There are people who like to run with other people and other people who want to run alone. This is a preference and it’s as strong as the individual and their circumstances. For many people, this preference is not an either/or scenario because humans are annoyingly complex and labels don’t always last very long.
Take me, for example. I am comfortable either running solo or at least ostensibly with a group. There are times that I enjoy chatting with another runner (provided I’m not gasping for air due to the pace). But, honestly, there are plenty of other times when I’d rather be listening to a podcast or some music while I pound the pavement.
I did a quick poll on Twitter, asking some fellow runners about their preferences for running with other people. This poll probably has the scientific validity of, say, many political opinion polls in terms of predicting what people will actually do, but it does spur some thought.
The people who responded generally seemed to be split on their responses, though more people seemed to be running solo than not. People who would run with other people liked the company but also the encouragement and accountability that comes with running with other people. Other people tended to run solo due to their schedules, their particular needs and their preference.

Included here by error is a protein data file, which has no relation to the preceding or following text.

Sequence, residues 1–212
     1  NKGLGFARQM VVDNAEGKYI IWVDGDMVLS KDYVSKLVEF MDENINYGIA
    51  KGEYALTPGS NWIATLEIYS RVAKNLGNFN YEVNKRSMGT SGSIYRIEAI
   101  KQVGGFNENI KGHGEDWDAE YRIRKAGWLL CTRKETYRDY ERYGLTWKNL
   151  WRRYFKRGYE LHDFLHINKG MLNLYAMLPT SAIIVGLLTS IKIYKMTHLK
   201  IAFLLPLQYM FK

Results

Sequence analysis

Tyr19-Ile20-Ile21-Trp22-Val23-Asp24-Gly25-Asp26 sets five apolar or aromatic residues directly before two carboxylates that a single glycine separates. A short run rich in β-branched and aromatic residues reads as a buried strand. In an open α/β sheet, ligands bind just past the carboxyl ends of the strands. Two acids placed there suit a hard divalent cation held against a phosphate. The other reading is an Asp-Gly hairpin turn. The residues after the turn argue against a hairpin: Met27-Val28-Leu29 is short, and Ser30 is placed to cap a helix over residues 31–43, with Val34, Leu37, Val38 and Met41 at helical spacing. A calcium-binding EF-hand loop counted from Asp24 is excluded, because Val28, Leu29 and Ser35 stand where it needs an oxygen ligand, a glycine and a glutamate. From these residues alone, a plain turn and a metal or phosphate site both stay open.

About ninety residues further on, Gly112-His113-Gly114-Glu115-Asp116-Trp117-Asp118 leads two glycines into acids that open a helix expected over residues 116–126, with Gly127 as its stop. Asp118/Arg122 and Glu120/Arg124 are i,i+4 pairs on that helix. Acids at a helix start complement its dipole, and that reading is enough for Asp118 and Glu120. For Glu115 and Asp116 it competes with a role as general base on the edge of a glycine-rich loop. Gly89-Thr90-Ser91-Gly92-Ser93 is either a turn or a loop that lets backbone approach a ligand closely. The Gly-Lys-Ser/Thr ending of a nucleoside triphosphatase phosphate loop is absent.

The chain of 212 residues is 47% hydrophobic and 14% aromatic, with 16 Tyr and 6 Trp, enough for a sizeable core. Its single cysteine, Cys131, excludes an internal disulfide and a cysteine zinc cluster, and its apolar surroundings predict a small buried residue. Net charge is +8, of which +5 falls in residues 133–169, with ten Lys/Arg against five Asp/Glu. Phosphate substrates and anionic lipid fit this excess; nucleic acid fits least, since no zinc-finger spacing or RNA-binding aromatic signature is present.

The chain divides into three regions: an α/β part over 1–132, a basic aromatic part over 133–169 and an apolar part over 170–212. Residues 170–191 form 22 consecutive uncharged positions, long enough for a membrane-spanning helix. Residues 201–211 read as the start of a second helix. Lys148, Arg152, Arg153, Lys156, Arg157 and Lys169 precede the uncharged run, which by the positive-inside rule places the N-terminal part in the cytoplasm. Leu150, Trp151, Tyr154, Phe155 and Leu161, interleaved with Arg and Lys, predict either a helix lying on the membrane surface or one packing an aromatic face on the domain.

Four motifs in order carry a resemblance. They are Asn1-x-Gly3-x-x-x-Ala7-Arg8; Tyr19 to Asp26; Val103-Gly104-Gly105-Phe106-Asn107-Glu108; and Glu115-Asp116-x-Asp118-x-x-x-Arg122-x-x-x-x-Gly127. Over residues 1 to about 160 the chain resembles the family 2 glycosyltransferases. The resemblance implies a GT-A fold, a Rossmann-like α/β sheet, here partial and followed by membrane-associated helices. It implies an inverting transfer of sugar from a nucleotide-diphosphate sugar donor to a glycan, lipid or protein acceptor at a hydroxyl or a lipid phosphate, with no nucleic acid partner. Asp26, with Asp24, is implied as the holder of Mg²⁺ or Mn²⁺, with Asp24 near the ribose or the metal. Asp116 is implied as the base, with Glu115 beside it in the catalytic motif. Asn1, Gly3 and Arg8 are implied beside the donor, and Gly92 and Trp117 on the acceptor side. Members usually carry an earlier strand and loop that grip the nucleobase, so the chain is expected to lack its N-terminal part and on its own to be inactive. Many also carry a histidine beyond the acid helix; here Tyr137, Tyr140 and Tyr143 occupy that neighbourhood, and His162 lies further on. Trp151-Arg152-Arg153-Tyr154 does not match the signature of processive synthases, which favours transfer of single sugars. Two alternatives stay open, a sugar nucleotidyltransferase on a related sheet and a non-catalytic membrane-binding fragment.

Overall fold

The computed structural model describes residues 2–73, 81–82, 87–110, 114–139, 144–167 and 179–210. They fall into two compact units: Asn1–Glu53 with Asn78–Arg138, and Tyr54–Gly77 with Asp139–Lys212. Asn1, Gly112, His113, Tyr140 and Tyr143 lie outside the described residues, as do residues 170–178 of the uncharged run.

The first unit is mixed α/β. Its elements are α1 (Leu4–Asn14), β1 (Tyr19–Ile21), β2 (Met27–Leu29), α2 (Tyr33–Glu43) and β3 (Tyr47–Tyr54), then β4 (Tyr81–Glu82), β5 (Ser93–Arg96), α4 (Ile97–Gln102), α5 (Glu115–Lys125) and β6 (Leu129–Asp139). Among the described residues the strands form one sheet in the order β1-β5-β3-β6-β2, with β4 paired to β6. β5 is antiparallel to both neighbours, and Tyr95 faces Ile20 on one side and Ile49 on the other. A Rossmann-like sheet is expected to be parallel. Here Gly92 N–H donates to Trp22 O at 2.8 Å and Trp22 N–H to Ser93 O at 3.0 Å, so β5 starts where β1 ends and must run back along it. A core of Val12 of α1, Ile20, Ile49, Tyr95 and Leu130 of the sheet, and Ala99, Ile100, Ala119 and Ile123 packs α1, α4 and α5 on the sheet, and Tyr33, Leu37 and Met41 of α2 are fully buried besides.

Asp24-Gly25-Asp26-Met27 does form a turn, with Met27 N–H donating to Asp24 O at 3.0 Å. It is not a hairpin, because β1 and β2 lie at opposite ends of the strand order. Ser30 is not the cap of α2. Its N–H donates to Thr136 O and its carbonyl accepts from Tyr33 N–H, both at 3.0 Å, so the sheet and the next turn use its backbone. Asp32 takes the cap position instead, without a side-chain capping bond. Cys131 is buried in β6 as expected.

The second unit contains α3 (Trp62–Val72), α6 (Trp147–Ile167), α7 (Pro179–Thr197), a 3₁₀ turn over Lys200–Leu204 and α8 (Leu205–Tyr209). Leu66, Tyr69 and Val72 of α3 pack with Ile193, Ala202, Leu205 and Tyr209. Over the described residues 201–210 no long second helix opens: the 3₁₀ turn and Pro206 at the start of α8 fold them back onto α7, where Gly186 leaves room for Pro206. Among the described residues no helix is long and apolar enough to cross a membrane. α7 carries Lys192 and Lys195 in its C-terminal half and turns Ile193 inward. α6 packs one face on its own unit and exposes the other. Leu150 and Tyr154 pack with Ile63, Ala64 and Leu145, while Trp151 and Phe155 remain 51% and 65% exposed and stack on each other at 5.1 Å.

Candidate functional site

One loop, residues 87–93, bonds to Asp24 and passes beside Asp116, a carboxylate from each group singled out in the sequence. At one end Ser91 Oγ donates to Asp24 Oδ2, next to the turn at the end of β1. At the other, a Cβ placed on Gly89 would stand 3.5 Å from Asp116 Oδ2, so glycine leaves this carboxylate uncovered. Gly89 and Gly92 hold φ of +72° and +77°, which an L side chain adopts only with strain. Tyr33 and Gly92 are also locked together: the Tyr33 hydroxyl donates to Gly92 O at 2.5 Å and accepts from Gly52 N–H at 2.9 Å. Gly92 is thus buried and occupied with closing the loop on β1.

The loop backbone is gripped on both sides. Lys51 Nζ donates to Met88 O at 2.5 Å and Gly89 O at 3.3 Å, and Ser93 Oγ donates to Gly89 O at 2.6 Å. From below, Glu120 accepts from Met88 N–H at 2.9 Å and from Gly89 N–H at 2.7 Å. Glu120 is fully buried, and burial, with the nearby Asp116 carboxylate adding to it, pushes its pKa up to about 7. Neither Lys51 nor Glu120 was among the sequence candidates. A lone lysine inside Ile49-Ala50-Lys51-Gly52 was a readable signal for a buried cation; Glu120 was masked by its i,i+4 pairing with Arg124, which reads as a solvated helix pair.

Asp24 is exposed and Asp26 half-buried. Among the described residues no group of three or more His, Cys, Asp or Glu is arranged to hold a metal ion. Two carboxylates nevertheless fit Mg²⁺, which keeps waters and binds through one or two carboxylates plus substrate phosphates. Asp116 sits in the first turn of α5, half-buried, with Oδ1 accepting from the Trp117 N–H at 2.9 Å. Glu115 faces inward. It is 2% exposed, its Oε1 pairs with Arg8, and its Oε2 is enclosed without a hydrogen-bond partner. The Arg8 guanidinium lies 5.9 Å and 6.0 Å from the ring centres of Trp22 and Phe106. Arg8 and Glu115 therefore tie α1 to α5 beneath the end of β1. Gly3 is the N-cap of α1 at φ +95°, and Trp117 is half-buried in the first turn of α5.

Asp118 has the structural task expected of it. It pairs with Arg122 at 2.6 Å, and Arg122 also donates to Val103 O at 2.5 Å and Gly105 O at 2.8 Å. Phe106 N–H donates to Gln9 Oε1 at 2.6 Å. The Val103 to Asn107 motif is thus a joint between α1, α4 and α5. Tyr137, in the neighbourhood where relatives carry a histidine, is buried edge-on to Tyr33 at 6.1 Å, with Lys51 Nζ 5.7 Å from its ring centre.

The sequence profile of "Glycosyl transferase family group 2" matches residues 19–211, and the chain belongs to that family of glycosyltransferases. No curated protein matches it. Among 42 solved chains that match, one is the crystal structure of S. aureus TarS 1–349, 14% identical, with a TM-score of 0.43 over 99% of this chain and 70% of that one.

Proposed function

Two respondents gave a similar response which really caught my attention, something I could agree with. Both respondents, who happened to be mothers, cited running time as “me” time. This could be interpreted in different ways: time to be away from all other people; time to get some temporary distance or respite from duties and responsibilities; time to do something ostensibly selfish (but in reality healthy and wise).
I like running solo because it creates an environment that I can largely control, especially my contact with other people. As an introvert, alone time is precious and often necessary. That combination of solitude, time to think, time to enjoy a podcast or music, and time spent challenging my physical limitations and gradually reducing them… well, what’s not to like?
I have a feeling that I’m going to prefer running solo as I get closer to marathon distances in my training program. In my limited experience, when I get near the edges of my endurance and energy I stop doing non-essential things and that includes talking. My energy and concentration goes into keeping moving. But other people may look at this differently.
How about you? Do you prefer running with other people or without, perhaps even running away from other people?